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World Food Day 2020 - Swedish FAO Committee


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World Food Day 2020 - Swedish FAO Committee

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On October 23, 2020 the Swedish FAO Committee together with SIANI organized an online event to commemorate World Food Day 2020, gathering a multi-stakeholder line-up of Swedish actors working with food security and development internationally and in Sweden. Watch the recording to catch up with the issues discussed during this webinar titled "Grow. Nourish, Sustain. Together".
Moderator: Kajsa Johansson, Chief Senior Advisor at We Effect

On October 23, 2020 the Swedish FAO Committee together with SIANI organized an online event to commemorate World Food Day 2020, gathering a multi-stakeholder line-up of Swedish actors working with food security and development internationally and in Sweden. Watch the recording to catch up with the issues discussed during this webinar titled "Grow. Nourish, Sustain. Together".
Moderator: Kajsa Johansson, Chief Senior Advisor at We Effect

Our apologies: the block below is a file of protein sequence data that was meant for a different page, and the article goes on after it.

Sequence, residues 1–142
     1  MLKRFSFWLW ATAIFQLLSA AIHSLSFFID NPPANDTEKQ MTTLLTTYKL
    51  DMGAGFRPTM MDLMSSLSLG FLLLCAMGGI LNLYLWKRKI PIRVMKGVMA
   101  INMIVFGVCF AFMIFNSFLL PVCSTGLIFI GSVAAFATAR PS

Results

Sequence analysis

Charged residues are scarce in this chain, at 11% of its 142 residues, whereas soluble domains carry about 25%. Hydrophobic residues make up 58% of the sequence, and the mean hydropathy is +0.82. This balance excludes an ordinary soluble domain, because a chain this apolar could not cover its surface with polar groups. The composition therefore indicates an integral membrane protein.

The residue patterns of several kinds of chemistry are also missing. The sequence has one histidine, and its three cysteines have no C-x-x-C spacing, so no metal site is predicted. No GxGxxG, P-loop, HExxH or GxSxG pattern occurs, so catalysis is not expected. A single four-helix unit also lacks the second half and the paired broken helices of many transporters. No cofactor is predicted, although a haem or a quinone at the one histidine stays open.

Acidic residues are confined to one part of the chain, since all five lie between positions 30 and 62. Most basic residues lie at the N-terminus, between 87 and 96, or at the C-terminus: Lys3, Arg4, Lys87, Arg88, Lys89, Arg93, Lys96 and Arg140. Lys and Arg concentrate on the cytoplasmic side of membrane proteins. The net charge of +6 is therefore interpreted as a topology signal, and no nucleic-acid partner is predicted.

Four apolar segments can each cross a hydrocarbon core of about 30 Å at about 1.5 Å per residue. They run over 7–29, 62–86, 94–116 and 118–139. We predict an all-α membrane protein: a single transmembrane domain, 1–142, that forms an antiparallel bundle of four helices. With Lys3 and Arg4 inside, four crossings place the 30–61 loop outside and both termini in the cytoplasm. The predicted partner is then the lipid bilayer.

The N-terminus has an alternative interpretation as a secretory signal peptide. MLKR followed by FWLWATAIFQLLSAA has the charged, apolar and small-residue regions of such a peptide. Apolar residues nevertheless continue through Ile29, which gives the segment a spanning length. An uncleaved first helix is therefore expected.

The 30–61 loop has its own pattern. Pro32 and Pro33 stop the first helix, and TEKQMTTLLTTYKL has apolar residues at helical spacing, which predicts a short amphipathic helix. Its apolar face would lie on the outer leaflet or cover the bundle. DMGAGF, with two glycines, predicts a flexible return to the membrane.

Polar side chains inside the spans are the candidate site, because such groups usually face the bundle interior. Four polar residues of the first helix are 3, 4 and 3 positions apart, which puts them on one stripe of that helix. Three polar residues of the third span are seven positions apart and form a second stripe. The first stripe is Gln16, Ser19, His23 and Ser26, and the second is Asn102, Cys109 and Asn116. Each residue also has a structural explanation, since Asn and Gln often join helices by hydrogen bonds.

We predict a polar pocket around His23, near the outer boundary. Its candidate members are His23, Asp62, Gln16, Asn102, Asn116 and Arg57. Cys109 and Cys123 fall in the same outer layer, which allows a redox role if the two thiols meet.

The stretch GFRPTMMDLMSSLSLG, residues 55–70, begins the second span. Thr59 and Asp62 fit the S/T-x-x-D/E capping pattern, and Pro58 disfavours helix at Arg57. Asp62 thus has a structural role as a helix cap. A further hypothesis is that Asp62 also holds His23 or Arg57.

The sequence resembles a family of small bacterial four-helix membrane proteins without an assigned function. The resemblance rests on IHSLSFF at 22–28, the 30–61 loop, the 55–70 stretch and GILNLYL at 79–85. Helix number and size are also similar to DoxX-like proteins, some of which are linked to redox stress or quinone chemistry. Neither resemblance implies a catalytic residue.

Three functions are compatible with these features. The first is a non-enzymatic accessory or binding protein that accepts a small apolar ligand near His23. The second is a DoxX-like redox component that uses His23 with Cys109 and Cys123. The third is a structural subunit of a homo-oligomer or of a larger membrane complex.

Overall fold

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World Food Day 2020 - Swedish FAO Committee

  1. 1. Agenda Opening of the seminar Per Callenberg, State Secretary to the Minister for Rural Affairs Introduction of the day Kajsa Johansson, Chief Senior Advisor at We Effect Grow, Nourish, Sustain. Together. Our Actions are our Future. Maximo Torero, Chief Economist, FAO Strength and resilience through cooperation Anna Tibblin, General Secretary at We Effect School feeding – much more than providing a meal Katarina Eriksson, Project and Partnership Development Director at Tetra Laval Food for Development From starvation to export potentials in 200 years Elisabeth Hidén, President of the Federation of Young Swedish Farmers Information and communication technology for future harvests Zoole Newa, Programme Manager – Agricultural Market Development and Inclusive Growth, Swedish Embassy Zambia Panel discussion Concluding remarks Gustav Lindskog, Programme Manager/Specialist, Unit for Humanitarian Assistance, Thematic Responsibility for Food Security and Livelihoods, Sida